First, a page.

The term lace fabric, as used herein, and as generally understood in the art, refers to a knitted fabric having therein an openwork ornamentation, or a fabric wholly or partly made up of ornamental opening-forming stitches, such as transferred-stitches, tuck stitches, drop stitches, or other open-work producing stitches, as distinguished fromV plain chain stitches.
While certain knitted lace fabrics have been produced by special stitches which are inherently impervious to unravelling in case of thread rupture, such stitches cannot be utilized in obtaining the same pleasing design effects produced by the various opening-forming stitches which are ordinarily subject to unravelling. 10
One object of my invention is to provide novel means in knitted lace fabrics whereby lace openings, formed by ordinarily raveling lace stitches, are made impervious to substantial enlargement or distortion when the thread of said stitches is 15 ruptured.
Another object is to knit such fabrics by a new method whereby barrier stitches are combined with the usual lace forming or open-work producing stitches in novel manner; thereby enhanc- 20 ing the appearance and quality of the fabrics and the articles made therefrom.
A further object is to `combine barrier stitches with the yusual lace forming stitches in lace or.-
namented knitted fabrics and thereby provide 25 ',run-proof knitted 'lace work fabric.
' in the surrounding lace-forming stitches.
Another object is to produce a lace fabric in which thread rupture of one of the lace forming or open-work producing stitches is prevented from spreading to, or causing a runner in, areas 35 adjacent thereto. l
Another object is to provide novellaceA stockingsphaving the above mentioned advantageous characteristics.
With these and other objects in View, which 40 will become apparent from the'following detailed description of several illustrative embodiments of my invention, shown in the accompanying drawings, the invention consists in the ynovel method of producing new and improved knitted 45 fabrics and articles,as hereinafter more particularly pointed'out in the claims.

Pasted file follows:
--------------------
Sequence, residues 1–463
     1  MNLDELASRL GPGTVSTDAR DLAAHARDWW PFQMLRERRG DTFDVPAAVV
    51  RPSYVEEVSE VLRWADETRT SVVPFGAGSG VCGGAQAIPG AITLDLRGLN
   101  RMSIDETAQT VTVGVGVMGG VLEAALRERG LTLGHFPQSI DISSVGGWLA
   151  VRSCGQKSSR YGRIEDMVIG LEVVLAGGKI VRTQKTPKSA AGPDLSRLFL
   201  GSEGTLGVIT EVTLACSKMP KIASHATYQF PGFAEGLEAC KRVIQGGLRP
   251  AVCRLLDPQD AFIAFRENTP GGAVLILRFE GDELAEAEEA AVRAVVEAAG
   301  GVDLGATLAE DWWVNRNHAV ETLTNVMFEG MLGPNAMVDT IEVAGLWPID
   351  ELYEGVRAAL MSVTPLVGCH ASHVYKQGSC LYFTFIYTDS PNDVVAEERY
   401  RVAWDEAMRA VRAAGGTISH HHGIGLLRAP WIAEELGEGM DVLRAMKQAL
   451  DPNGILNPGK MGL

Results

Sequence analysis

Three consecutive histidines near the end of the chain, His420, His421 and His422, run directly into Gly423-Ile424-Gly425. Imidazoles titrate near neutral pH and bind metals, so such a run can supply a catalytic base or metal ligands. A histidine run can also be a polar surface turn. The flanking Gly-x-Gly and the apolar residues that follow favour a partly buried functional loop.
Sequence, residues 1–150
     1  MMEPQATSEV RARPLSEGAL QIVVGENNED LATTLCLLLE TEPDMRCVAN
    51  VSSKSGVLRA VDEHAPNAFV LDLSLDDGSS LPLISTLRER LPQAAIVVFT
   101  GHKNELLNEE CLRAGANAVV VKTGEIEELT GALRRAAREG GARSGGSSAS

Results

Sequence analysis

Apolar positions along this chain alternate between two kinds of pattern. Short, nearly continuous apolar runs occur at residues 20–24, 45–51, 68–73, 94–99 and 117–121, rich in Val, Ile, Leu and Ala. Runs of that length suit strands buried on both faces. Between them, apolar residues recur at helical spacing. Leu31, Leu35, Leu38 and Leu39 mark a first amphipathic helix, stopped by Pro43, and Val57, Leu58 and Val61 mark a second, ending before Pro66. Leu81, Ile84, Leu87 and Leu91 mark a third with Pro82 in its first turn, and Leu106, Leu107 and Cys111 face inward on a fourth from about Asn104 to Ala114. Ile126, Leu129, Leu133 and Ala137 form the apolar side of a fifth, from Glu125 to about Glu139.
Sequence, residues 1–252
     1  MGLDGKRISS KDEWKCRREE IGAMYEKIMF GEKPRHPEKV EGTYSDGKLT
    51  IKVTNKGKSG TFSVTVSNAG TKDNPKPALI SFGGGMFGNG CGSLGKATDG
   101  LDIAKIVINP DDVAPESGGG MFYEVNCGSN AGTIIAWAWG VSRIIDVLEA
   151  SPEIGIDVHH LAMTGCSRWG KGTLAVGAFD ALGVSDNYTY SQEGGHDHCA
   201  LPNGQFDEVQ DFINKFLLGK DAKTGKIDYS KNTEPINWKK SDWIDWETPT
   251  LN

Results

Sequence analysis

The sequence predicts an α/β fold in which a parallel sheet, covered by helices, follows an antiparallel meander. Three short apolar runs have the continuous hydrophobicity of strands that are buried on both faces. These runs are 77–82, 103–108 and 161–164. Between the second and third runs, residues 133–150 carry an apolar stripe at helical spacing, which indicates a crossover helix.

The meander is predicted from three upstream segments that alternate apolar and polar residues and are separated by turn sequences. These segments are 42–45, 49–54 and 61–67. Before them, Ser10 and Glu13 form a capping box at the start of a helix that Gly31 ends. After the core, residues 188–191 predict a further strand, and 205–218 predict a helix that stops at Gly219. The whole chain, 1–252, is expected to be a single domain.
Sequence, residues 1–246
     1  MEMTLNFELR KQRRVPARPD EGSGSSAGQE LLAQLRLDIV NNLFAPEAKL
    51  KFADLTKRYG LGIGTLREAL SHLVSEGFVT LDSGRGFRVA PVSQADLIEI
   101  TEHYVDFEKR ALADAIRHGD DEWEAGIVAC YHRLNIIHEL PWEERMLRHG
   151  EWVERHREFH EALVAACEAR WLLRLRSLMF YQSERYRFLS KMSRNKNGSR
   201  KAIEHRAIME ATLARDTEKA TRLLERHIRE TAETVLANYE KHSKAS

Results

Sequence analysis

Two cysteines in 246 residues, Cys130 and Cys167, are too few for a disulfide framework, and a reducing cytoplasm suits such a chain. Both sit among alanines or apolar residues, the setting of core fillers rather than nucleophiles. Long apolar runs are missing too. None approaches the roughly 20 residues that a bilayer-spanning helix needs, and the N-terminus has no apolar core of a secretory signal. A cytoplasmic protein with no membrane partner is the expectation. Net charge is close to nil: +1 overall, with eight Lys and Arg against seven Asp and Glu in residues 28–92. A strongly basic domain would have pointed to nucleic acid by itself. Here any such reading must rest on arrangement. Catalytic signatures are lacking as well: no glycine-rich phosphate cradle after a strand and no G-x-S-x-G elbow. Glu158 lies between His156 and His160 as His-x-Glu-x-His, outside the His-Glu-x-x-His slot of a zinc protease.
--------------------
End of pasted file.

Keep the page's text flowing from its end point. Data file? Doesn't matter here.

Fig. l is a view on an enlarged scale, ofY one combination of lace-forming stitches and barrier ystitches in accordance with the invention; 50
Fig. 2 shows lace-forming stitches and barrier stitches in combination with plain knit courses;
Fig. 3 shows a modified arrangement of stitches which may be employed;
Fig. 4 shows a stocking composed substantially 55 entirely oflace made in accordance with my invention;
Fig. 5 illustrates a full-fashioned stocking having lace areas employing the stitches of Figs. 1, 2 or 3; and
Fig. 6 shows a stocking in accordance with the invention having lace clockwork and a lace area in the welt.
In knitting the stocking of Figs. 4 to 6 the welt portion 8 is knitted iirst, as usual, and the leg 9 is begun at the welt and knitted toward the foot portion I0. Therefore, in Figs. 1, 2 and 3 which are .enlarged diagrammatic views of patches of fabric from the stockings illustrated, the order of knitting the courses is from the top course downward.
Referring to Fig. 1, the lace fabric comprises openings formed by courses I0 and I3 having barrier stitches interlocked with open-work producing stitches, and separated by two courses and I2, or I4 and I5, having other open-work-pro-V ducing stitches therein, the open-work producing stitches of each opening extending linto four .successive courses and into four adjacent wales |6 to I9. Courses' I0 consist of alternate plain loops 20"and barrier stitches iny the form of spread interlocking loops 2t. In producing the barrier stitches 2| of each course I0 or I3, I first form a course of plain loops and then before the same are cast -off their needles, certain Jloops, preferably alternate loops, as-shown, are spread from the wales I1 and I9 in which they originate to adjacent wales I8 and I6, respectively, in the same course, and in the adjacent wales the bight portion 2|a of each spread loopv engages under the needle loop and over the associated sinker or divider loop so that the portion 2|a will be held between a needle Wale loop and a sinker Wale loop. The barrier stitches just described may be knit either by hand or byy machine, and may be automatically produced on full fashioned knitting machines of the well known "Reading type when used with the loop spreading mechanism described and claimed in my copending application Serial No. 623,206 filed July 18, 1932 for Knitting machine and method for the production of nonrun fabric.
In course plain loops are first formed and, in order to produce the lace opening, selected loops 22 and 23 in wa1esy|1 and I8, respectively, are transferred to the adjacent needles; the loops in wales |8 are transferred to the right into wales I9, and those in wales I1 are transferred to the left into wales I6, to form an opening of desired width. In course I2, the loops 24 which 'ordinarily would comprise loops in wales I1 and I8 are transferred to the right into wales I 9 to continue the lace opening in a manner well known in the art.